Each slot entry is just a two-byte pointer into the page – so it’s far more efficient to manipulate the slot array than it is to manipulate a bunch of records on the page. Only when the Storage Engine knows there’s enough free space contained within the page to fit in a record, but it’s spread about the page does it compact the records on the page to make the free space into a contiguous chunk. One interesting fact is that the slot array grows backwards from the end of the page, so the free space is squeezed from the top by new rows, and from the bottom by the slot array.

75 thoughts on “Inside the Storage Engine: Anatomy of a page

  1. Very interesting. Thanks for that.

    Based on your breakdown of the m_type, these are the system pages at the beginning of each db file

    0 – File header
    1 – PFS
    2 – GAM
    3 – SGAM
    6 – DCM
    7 – ML

    Out of interest, what are on pages 4 and 5?

    I had a look at them, but they seem to both be empty (DBCC page returns m_type=0, m_pageId = (0,0)), but the PFS page lists them as fill, and the DCM lists them a changed (in the test DB I looked at at least)

  2. Hi Gail – pages 4 and 5 are unused. Page 5 used to be the first page of the sysobjects table in SQL Server 2000, and I don’t remember what page 4 was – I don’t believe it was used in SQL Server 2000. Thanks

  3. Paul,
    I think if you want to obtain the AllocationUnitId you only have to perform the following operation

    AllocationUnitID = AllocationUnitID.objId * 2^16+2^56

    Where the AllocationUnitID.objId is the value located in the page header (bytes 24-27)

    Again, you have shown very important details of the internal of SQL Server. I enjoyed your session with you and Kimberly in Vegas
    Regards,
    Alejandro Chavez

  4. Thanks, for very interesting info.

    In SQL 2000 m_objId in page header – it’s really object ID.
    In SQL 2005 and 2008 dbcc page show abstract value for m_objId, and really objectID in Metadata.
    Can You tell: How server calculate this data?

  5. If the data file was zero initialized, m_type = 0 is an unformatted page (or one that has been subsequently corrupted). If the data file was instant initialized, the page may or may not be corrupt.

    Whatever the case, if you’re seeing that on a page that’s supposed to be allocated, that’s corruption.

  6. When I dump the pages of a data file by DBCC PAGE(…),both of m_type are "0" for the fifth(4) and sixth(5) dumped pages,so I don’t think they may be all corruption.The following are the fifth and sixth dumped pages:

    PAGE HEADER:
    Page @0x108E8000
    m_pageId = (0:0) m_headerVersion = 0 m_type = 0
    m_typeFlagBits = 0x0 m_level = 0 m_flagBits = 0x0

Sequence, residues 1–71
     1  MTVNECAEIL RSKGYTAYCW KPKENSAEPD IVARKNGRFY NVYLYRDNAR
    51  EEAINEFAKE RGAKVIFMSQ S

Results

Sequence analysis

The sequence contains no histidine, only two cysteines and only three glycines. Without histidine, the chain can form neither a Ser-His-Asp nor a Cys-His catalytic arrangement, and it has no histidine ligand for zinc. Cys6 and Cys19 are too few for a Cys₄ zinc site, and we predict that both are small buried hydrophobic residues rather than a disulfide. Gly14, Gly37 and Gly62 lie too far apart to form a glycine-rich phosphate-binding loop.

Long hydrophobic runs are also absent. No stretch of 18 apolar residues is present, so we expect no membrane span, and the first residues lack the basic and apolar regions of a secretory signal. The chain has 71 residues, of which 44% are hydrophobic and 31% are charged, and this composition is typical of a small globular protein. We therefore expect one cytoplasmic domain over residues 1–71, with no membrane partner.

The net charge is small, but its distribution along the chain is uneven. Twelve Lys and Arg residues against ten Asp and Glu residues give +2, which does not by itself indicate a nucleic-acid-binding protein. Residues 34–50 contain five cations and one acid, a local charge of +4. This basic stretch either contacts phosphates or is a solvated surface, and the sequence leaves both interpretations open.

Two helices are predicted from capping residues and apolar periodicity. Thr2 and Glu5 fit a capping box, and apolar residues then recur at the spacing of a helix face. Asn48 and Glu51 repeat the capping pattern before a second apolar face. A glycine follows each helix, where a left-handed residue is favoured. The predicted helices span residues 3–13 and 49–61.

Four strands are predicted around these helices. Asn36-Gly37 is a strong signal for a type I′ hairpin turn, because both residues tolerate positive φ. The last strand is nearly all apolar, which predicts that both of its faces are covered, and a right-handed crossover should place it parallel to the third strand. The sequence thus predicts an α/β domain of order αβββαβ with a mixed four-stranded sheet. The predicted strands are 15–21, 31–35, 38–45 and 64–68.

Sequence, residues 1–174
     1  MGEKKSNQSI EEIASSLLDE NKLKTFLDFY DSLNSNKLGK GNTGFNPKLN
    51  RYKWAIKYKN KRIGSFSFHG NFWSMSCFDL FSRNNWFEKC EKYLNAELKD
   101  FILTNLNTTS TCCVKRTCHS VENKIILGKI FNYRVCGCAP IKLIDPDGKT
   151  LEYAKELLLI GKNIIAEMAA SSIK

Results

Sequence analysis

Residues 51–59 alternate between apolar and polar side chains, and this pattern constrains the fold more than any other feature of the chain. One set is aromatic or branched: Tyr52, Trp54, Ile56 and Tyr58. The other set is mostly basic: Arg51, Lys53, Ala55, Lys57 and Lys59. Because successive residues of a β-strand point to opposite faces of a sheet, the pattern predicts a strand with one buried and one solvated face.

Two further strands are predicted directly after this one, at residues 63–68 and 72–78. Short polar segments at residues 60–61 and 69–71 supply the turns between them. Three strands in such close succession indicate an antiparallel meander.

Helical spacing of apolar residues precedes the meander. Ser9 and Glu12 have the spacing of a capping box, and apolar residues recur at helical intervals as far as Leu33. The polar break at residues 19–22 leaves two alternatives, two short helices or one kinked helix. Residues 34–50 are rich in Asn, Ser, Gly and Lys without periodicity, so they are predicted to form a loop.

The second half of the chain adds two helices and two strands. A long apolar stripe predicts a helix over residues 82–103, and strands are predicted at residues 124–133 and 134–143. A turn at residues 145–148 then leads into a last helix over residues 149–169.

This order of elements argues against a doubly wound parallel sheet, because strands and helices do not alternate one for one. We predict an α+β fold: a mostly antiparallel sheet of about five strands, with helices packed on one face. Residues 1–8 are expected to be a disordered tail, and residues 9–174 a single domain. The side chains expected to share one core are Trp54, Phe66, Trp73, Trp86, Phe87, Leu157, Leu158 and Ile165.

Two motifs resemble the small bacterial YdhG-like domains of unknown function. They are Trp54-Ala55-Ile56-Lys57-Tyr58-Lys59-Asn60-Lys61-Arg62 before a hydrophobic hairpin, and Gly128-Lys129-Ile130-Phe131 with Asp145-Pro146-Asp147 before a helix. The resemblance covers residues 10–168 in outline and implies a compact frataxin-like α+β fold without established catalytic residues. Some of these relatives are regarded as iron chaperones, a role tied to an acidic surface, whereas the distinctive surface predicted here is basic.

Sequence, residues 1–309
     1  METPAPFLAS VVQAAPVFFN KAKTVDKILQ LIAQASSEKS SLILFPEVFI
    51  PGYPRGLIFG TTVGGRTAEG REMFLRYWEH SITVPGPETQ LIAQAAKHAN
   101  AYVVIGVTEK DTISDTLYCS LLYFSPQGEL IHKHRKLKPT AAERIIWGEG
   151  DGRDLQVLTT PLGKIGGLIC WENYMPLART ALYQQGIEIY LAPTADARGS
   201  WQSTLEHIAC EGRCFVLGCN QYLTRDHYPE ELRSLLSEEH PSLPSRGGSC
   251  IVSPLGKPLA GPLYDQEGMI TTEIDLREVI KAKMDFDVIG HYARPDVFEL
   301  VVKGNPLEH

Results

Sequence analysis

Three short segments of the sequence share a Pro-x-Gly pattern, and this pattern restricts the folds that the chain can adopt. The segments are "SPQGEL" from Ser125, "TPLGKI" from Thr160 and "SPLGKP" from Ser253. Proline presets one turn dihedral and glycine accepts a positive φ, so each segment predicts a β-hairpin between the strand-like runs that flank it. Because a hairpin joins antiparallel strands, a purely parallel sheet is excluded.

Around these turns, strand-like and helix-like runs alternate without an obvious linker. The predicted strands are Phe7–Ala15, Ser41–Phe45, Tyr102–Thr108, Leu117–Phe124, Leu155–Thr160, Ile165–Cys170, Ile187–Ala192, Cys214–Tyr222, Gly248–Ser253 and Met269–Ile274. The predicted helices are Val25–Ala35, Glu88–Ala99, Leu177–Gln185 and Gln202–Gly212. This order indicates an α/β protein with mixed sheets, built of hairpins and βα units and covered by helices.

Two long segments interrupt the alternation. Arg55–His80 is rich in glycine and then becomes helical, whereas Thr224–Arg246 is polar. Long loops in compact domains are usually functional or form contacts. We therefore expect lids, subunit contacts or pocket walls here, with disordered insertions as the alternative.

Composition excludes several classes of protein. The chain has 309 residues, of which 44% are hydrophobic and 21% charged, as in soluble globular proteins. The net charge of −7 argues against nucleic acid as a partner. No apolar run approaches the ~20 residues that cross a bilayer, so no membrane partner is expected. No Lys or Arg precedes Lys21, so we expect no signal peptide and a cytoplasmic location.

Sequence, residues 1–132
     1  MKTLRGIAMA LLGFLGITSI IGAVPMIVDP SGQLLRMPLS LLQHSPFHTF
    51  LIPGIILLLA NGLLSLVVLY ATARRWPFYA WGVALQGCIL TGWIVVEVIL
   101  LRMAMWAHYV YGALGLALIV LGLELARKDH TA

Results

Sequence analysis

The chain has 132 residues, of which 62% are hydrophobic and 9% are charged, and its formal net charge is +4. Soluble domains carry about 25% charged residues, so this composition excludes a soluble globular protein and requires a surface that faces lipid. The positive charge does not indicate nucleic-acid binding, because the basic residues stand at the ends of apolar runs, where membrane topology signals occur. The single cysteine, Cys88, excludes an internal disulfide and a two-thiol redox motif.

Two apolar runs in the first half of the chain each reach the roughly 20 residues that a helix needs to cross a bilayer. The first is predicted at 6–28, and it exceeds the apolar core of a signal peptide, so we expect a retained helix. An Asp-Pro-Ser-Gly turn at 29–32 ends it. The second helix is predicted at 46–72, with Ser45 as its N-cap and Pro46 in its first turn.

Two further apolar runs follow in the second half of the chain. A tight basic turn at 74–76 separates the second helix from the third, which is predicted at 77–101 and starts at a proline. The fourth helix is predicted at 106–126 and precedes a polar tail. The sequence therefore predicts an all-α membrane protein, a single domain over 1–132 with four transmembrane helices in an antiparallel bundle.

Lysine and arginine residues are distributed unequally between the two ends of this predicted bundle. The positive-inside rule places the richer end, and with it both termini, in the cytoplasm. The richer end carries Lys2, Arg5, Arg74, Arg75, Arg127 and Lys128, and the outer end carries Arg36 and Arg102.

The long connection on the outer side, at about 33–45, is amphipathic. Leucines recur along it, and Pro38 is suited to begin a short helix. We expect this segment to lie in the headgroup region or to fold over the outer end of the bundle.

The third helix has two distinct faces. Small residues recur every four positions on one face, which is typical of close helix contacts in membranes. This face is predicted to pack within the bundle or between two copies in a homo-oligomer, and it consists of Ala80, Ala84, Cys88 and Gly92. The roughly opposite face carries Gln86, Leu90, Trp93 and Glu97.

m_objId (AllocUnitId.idObj) = 0 m_indexId (AllocUnitId.idInd) = 0 Metadata: AllocUnitId = 0
    Metadata: PartitionId = 0 Metadata: IndexId = -1 Metadata: ObjectId = 0
    m_prevPage = (0:0) m_nextPage = (0:0) pminlen = 0
    m_slotCnt = 0 m_freeCnt = 0 m_freeData = 0
    m_reservedCnt = 0 m_lsn = (0:0:0) m_xactReserved = 0
    m_xdesId = (0:0) m_ghostRecCnt = 0 m_tornBits = 0

    Allocation Status

    GAM (1:2) = ALLOCATED SGAM (1:3) = NOT ALLOCATED PFS (1:1) = 0x0 0_PCT_FULL
    DIFF (1:6) = CHANGED ML (1:7) = NOT MIN_LOGGED

    PAGE HEADER:
    Page @0x108EA000
    m_pageId = (0:0) m_headerVersion = 0 m_type = 0
    m_typeFlagBits = 0x0 m_level = 0 m_flagBits = 0x0
    m_objId (AllocUnitId.idObj) = 0 m_indexId (AllocUnitId.idInd) = 0 Metadata: AllocUnitId = 0
    Metadata: PartitionId = 0 Metadata: IndexId = -1 Metadata: ObjectId = 0
    m_prevPage = (0:0) m_nextPage = (0:0) pminlen = 0
    m_slotCnt = 0 m_freeCnt = 0 m_freeData = 0
    m_reservedCnt = 0 m_lsn = (0:0:0) m_xactReserved = 0
    m_xdesId = (0:0) m_ghostRecCnt = 0 m_tornBits = 0

    Allocation Status

    GAM (1:2) = ALLOCATED SGAM (1:3) = NOT ALLOCATED PFS (1:1) = 0x0 0_PCT_FULL
    DIFF (1:6) = CHANGED ML (1:7) = NOT MIN_LOGGED

    Thank you very much for your answer.

  7. As I explained in a comment a few above yours, these are reserved pages that used to have special meaning. They are formatted with zeroes.

  8. Anyone has detailed manual for SQL SERVER SQLdiag and Microsoft PSS PerfStats?they are all SQL SERVER performance tools,but I can’t find the manuals anywhere,if you have ,would you like to send a copy to me?thanks.

  9. > In SQL 2000 m_objId in page header – it’s really object ID.
    > In SQL 2005 and 2008 dbcc page show abstract value for m_objId, and really objectID in Metadata.
    > Can You tell: How server calculate this data?

    In SQL 2005/2008 m_objId is calculated from auid field in sys.sysallocunits. Also, through this table real objId connected with m_objId. I think, partitioning is guilty.

  10. can anyone tell me ,how the sql server 2005/2008 calculate MetaData information in Page header ( MetaData:AllocUnitId, Metadata:PartitionId , MetaData: indexId, MetaData:ObjectId) .Thanks in advance.

  11. That info is calculated for you by DBCC PAGE – otherwise you need to do a series of lookups using various system tables. Why do you need to do it yourself when I put it into DBCC PAGE already?

  12. Hello Paul,

    Thanks for replying.Actually when i saw SQL server 2005 internal system critical tables….I’ve no idea about that filed….and how they gives there valuse….I think that values are important for me to study a database(SQL 2005) internal.